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Council of Better Business Bureaus ®
Start With Trust®
Council of Better Business Bureaus
Businesses Should Exercise Judgement When Supporting Community Fundraising Appeals
July 02, 2010

As a business owner, may want to support the law enforcement, public safety or educational groups in your community by purchasing advertising in publications sponsored by nonprofit organizations. The Better Business Bureau (BBB) recommends that when responding to fundraising appeals you exercise the same good judgment you would use in business making decisions.

Many community businesses are targeted by con artists who pose as salesmen from out-of-town advertising firms, wanting to sell your company ads in local calendars, yearbooks or souvenir programs to be given out at circuses or dance shows. A variation of this advertising scam involves deceptive invoices for ads that the businesses never agreed to purchase.

The BBB suggests you understand the conditions of any specialty advertising and ask lots of questions before buying ad space for a charity or nonprofit fundraiser. Find out:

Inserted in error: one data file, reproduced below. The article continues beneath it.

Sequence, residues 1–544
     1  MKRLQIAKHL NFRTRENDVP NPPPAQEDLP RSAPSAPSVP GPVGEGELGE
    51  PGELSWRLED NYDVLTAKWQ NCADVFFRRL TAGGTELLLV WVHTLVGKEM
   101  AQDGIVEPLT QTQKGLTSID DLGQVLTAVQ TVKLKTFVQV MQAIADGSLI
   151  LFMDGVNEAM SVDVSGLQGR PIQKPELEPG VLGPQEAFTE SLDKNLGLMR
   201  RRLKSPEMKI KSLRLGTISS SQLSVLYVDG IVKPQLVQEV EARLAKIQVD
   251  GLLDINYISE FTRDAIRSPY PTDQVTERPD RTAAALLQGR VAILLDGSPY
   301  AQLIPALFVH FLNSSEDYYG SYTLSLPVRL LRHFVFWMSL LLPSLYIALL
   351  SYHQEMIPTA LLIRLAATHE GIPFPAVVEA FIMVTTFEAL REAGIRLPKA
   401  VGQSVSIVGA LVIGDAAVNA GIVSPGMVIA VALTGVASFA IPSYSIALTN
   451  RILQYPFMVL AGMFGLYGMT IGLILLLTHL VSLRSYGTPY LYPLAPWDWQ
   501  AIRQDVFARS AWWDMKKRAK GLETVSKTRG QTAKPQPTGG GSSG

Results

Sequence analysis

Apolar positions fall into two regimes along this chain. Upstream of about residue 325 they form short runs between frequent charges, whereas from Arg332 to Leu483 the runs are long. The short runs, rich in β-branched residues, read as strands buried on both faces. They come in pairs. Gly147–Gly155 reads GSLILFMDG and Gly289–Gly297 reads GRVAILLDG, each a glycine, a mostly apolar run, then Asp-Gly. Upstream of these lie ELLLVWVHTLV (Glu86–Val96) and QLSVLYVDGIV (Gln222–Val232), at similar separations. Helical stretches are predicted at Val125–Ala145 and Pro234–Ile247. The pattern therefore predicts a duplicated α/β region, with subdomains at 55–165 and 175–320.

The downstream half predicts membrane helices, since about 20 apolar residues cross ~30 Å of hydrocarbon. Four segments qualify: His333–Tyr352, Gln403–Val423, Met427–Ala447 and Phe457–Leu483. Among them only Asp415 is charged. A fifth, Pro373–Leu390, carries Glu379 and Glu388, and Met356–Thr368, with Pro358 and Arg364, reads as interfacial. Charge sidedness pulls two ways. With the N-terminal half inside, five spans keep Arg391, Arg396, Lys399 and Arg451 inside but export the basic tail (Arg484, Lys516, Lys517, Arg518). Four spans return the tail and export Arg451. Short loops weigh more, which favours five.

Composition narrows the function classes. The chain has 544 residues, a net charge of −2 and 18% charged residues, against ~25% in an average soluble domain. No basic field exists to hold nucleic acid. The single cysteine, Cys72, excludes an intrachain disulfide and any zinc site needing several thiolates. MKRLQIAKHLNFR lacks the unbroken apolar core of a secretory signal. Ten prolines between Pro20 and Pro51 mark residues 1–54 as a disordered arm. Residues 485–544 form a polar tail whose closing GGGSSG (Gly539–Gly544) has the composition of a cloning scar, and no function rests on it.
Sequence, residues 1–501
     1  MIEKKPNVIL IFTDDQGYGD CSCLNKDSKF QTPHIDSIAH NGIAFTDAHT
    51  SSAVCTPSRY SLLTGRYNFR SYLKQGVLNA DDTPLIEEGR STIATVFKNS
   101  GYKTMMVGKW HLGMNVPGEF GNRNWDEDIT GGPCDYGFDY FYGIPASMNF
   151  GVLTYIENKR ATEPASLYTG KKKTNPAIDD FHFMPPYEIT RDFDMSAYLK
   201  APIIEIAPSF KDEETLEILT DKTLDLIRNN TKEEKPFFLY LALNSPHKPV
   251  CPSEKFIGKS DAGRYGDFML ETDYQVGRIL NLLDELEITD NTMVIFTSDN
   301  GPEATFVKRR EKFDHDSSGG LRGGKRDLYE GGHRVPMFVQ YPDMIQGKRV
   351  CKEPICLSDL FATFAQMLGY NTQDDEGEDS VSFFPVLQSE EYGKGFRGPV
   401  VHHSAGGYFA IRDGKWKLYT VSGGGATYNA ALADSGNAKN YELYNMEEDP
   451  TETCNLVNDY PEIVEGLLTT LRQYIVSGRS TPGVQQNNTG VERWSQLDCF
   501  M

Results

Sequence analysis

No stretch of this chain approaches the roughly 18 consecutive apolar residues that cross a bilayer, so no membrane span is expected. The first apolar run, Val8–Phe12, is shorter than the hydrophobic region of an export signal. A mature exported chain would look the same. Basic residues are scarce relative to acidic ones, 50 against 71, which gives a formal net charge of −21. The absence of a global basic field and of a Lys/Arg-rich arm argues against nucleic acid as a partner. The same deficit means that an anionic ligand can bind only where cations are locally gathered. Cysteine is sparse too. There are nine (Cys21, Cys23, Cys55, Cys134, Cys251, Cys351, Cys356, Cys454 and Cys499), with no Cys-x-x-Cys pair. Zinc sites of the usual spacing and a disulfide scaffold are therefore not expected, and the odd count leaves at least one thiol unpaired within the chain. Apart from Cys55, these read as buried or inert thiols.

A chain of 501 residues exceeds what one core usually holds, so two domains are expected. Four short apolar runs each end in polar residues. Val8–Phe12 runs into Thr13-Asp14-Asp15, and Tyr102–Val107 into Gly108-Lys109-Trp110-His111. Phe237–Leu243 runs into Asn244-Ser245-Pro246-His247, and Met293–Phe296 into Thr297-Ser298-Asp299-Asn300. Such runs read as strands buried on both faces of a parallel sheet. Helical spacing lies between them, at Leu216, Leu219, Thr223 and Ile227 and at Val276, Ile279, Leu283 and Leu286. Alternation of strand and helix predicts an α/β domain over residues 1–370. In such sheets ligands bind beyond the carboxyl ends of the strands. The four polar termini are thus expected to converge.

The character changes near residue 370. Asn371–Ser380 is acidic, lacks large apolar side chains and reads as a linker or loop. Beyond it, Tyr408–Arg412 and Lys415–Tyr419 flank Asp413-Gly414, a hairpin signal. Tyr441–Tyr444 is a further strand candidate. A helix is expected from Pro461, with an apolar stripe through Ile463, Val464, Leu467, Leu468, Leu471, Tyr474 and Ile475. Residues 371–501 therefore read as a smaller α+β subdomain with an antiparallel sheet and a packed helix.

• What is the salesperson's affiliation with the organization?
  • Does the salesperson have any information about the organization and the programs the ad space will support?
  • Can you make the check out directly to the name of the organization? If not, that is a red flag. Call the BBB for a report on the fundraising company or charity, before you write the check.
  • How many copies of the publication will be printed?
  • How often will it be published? Is there a charge for the publication?
  • Where and when will the publication be distributed?
  • Is the full name of the charity or nonprofit organization indicated in the advertisement? Is an address or telephone number provided for those interested in additional information about the charity or the promotional partnership?
  • What are your plans for donating to charities this year? How does this opportunity fit into your plans? Are there other charities that you would prefer to support?

If a salesperson refuses to answer any of your questions, does not have supporting materials about the charitable organization, or urges you to act immediately, you may be dealing with a con artist rather than a legitimate non-profit.